Sarah Huckabee Sanders, the former White House press secretary, will join Fox News as a contributor next month, reinforcing the strong ties between the conservative cable network and the Trump administration.
Sanders, who left the administration less than two months ago, will make her debut Sept. 6 on “Fox & Friends,” the network said in a statement. In her new role, she will provide political commentary and analysis across Fox properties, including Fox News and Fox Business Channel as well as digital and radio outlets.
Sanders is among nearly two dozen people who hold or have held positions both in the Trump administration and at Fox News. The others include Bill Shine, the former deputy White House chief of staff and former co-president of Fox News; Heather Nauert, a former Fox News anchor and former undersecretary of state; and Hope Hicks, President Donald Trump’s former communications director, who is now the chief communications officer at Fox.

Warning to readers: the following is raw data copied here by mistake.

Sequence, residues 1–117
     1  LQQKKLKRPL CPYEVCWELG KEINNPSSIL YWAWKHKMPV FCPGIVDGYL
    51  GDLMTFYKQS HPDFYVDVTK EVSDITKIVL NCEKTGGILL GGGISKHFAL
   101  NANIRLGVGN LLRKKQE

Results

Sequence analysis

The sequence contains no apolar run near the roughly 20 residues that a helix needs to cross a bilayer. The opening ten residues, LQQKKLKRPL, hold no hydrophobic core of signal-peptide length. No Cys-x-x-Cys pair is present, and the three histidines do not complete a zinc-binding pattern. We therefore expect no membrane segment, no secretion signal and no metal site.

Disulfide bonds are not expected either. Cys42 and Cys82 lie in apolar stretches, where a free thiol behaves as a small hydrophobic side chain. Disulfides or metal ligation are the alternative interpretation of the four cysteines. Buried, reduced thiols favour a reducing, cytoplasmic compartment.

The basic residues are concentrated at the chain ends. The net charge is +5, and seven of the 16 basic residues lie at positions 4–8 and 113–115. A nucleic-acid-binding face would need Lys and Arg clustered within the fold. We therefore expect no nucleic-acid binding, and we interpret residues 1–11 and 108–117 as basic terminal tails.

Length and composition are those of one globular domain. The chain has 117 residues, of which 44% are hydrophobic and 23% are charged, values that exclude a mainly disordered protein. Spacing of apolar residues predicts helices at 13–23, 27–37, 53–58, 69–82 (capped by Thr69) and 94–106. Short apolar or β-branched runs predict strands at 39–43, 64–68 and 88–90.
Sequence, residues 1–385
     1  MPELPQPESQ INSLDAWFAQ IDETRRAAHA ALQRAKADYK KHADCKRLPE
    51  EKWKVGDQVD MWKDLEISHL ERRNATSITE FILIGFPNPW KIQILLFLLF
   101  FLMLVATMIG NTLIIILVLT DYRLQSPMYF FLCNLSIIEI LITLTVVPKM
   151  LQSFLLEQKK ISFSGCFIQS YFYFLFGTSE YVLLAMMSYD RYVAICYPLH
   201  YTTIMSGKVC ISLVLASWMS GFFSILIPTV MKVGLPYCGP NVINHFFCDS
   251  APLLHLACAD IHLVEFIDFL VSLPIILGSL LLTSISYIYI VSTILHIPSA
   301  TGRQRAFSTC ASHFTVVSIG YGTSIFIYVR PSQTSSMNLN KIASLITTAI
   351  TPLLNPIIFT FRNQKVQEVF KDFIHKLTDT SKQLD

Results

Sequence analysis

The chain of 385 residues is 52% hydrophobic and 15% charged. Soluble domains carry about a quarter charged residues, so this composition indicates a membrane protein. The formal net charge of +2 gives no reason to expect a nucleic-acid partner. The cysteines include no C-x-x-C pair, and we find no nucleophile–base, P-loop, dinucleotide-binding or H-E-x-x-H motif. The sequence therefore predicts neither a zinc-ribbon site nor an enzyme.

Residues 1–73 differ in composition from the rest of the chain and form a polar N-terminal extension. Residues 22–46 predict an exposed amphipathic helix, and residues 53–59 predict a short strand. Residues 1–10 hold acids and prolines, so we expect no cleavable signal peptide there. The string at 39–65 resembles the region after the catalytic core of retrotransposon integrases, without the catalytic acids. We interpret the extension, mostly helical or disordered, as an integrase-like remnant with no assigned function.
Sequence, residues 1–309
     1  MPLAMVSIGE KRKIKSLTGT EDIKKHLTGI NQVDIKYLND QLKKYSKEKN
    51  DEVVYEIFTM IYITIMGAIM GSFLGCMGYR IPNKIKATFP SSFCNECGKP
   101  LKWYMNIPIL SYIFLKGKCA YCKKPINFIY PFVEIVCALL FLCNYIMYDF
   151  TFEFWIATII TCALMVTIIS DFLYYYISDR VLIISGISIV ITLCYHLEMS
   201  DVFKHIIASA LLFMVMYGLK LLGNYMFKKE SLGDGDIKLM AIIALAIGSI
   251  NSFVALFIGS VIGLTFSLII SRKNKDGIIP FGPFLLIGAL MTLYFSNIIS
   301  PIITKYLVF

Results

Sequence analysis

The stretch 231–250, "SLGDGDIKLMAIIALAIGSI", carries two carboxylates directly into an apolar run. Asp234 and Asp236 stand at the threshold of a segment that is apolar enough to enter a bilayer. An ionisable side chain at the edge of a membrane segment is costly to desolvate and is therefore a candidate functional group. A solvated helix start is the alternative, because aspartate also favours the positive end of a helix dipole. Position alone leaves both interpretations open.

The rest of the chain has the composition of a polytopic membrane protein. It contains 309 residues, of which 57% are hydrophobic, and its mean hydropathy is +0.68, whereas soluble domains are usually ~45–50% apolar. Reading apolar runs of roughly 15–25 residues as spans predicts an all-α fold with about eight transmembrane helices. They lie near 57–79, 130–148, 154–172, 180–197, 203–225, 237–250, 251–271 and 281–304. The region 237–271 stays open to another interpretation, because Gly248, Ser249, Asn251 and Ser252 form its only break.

As press secretary, Sanders became one of the most recognisable faces of the administration. She was known for her confrontations with White House reporters, a style that endeared her to Trump.
“We’ve been through a lot together. She’s tough, and she’s good,” the president said after announcing her departure in June. “She’s a warrior,” he added, kissing her affectionately on the side of the head.
Sanders also effectively killed the daily briefing from the White House lectern, ending decades of tradition.
In April, it was revealed in the report of special counsel Robert Mueller that Sanders had acknowledged delivering a false statement from the White House podium when she said in 2017 that she had personally heard from “countless” FBI officials who said they were happy with Trump’s decision to fire James Comey, then the director of the agency. Sanders later described that false statement as a “slip of the tongue.”
Before joining the White House, Sanders, daughter of former Arkansas governor and Fox News host Mike Huckabee, had worked in a variety of roles in Republican politics.